On Cosmetic Changes in Pull Requests

Yihui Xie 2018-11-09

Programmers, including myself, make cosmetic changes in code all the time, such as adding or deleting white spaces or blank lines, or re-wrapping lines, or adding { } to single-line if statements. That is usually fine. However, when making changes in other people’s code and sending pull requests on Github, I suggest you refrain from introducing cosmetic changes. There are two reasons:

  1. Such changes require unnecessary attention of the pull request reviewer. If you don’t know if the reviewer is busy or not, always assume he/she is extremely busy, so the best strategy is to bring the really minimal set of changes, and exclude all non-essential changes (or save them for later).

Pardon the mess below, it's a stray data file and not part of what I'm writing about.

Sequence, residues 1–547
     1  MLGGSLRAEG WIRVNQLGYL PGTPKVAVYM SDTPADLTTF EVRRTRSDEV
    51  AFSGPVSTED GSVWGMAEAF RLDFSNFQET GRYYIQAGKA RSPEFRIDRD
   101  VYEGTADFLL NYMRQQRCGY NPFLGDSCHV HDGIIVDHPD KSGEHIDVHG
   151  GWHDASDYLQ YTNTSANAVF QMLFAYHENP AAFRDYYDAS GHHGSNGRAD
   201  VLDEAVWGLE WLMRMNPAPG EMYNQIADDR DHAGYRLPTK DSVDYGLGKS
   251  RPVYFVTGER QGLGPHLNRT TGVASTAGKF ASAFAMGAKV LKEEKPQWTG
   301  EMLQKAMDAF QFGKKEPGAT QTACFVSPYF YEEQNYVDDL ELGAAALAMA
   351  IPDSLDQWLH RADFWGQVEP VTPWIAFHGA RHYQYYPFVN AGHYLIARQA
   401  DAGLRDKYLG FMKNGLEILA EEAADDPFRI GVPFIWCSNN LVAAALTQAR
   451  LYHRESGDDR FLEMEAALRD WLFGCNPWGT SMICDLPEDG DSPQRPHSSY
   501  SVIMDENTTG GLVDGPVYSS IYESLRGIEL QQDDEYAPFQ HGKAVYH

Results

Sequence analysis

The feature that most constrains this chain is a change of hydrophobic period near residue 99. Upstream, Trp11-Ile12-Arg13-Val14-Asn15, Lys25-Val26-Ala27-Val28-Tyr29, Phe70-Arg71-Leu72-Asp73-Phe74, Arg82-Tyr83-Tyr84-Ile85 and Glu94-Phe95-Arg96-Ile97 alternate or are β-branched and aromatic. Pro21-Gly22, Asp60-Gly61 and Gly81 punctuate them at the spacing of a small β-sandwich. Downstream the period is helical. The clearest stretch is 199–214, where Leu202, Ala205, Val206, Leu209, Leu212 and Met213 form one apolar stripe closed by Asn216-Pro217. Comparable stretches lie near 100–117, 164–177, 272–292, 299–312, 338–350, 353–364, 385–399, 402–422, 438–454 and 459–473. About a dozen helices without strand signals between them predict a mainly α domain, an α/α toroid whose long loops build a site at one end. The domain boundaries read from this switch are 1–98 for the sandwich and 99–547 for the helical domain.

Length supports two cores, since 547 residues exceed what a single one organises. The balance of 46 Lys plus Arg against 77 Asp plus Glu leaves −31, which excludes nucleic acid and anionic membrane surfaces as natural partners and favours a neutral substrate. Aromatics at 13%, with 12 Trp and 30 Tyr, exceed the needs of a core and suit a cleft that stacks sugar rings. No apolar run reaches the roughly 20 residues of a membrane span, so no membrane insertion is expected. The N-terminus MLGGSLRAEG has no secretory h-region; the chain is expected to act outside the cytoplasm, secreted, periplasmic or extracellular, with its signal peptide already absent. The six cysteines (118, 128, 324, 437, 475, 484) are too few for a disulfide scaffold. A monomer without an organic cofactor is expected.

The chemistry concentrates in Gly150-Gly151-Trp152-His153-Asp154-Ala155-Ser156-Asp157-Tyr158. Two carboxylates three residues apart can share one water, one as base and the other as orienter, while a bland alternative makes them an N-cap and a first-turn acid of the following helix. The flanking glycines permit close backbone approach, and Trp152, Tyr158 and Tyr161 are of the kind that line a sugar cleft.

2. The author of the package may not really like the style of the cosmetic changes. This is worse. People can argue to death on style. Such changes are often red herrings and can quickly lead to bikeshedding. Unless you are going to take over the maintainership of a package, I recommend that you follow the style of the main author(s). Even if they use = for assignments, which makes absolutely no sense to you, you just use = (you can complain about it by yourself in your own room if that makes you feel better). FWIW, I use <- when I contribute to a package if its author uses <-. I don’t think there is any need to argue about it, and I wish people could be more tolerant with each other’s styles.

In summary, the whole point is “recognize the priorities”. Getting the pull request merged is more important, so you want to save the reviewer time. It is more important for the package maintainers to be happy so they can carry on (bear in mind that they will also have to maintain the code you contributed after you have left), so you follow their own styles.

I love pull requests, but usually you won&rsquo;t stay in my bathtub for long